Dave Stancliff Part II - My Path to Manhood blogarama.com

Monday, April 11, 2016

Part II - My Path to Manhood

Good Day World!

This post continues from yesterday.

The roads I took in Vietnam became a part of my life's journey.
They were my path to manhood, for better or worse.
                 PART TWO
   Highway 22 overlooked the Song Ba River. To be more accurate, the Ba River as Song means river in Vietnamese. 
We called it the Song Ba River because that’s what someone wrote down on the maps we used. 
Maybe that someone liked the sound of “Song” and modified the real local name as Americans did so often during the war. Who cares right?

   We had allies out in the jungle too. We were staying in the An Khe area along the West bank where some Montagnards lived. They hated the NVA and the VC, so we became allies. The tribe that we had the most contact with was the Jarair. They were tough little nuts who were fierce fighters and who considered the Vietnamese their enemy from ancient times.

   They also knew how to live off the land. They picked wild green onions, chopped bamboo shoots, and captured red ant nests using battery bags discarded by Americans. They’d take some of the rice they always carried with them and throw it into boiling hot water along with the green onions, bamboo shoots, and the red ants. 

   The concoction wasn’t bad at all. Kind of a minty tasting. Much better than the fish head stew I once had in a Montagnard village. While we’re on the subject of local cuisine, I would be remiss if I didn’t mention the Vietnamese Centipede, an orange-legged terror that runs from four inches to eight inches long and has an attitude. 

   A nearby South Korean unit, we called them ROKS, liked to eat those centipedes. They put them in with their foul-smelling kim che (which already smelled bad enough to gag a maggot). They also ate monkey brains, but I’m not going any further with this.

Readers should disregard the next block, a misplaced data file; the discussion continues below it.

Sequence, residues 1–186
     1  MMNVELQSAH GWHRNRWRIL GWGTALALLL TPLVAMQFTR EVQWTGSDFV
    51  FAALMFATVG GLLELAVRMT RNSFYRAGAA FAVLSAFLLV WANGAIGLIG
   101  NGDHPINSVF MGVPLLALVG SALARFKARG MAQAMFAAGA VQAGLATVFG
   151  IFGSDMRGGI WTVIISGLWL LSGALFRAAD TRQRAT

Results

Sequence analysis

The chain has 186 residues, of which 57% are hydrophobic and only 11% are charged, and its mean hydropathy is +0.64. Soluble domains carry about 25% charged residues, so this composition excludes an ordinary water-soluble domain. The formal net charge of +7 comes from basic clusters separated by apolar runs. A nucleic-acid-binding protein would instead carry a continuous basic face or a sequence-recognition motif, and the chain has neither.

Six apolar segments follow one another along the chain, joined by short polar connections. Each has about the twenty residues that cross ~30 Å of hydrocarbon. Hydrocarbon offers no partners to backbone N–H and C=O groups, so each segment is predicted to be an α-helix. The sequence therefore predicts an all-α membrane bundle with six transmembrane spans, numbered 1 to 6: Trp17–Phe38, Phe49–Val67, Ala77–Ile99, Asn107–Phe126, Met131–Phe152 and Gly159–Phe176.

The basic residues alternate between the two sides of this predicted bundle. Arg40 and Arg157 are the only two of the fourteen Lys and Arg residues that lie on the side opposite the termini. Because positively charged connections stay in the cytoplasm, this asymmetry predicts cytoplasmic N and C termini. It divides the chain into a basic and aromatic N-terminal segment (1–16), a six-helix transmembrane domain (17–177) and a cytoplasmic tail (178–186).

There was a certain lizard there, about three feet long, that also figured into the local cuisine. I don’t know what it’s real name was, but we called them “Fuck You” lizards. They hung around trees and in the night you could hear them go: “Tik, tik, tik, phuk yu!” They really sounded like someone saying fuck you. If you listened long enough.

    We’d tell new guys that it was Charlie out there taunting us, and that got their attention. Saw a Fuck You lizard with a flashlight one night. It looked like a miniature dinosaur and hissed at me! The next day I saw that lizard’s double draped across the back of a young Montagnard boy. He may have been Vietnamese. It’s hard to remember some details. It’s limp body spanned his shoulders and he smiled when I pointed at it.

“Numba one chop chop” he said.

 I hope this little two-part post helps you understand what it was like 46 years ago for a 19-year-old boy who had to become a man fast in a foreign land. It helps me to share this part of my history and hopefully help people understand war is hell. 

 For some soldiers like me with PTSD, the war has never ended. I live with tortured memories that still come unbidden. Yet, I manage to lead a somewhat normal life (what’s that anyway?).

 Thank you for reading this. It helps to share.

Time for me to walk on down the road...

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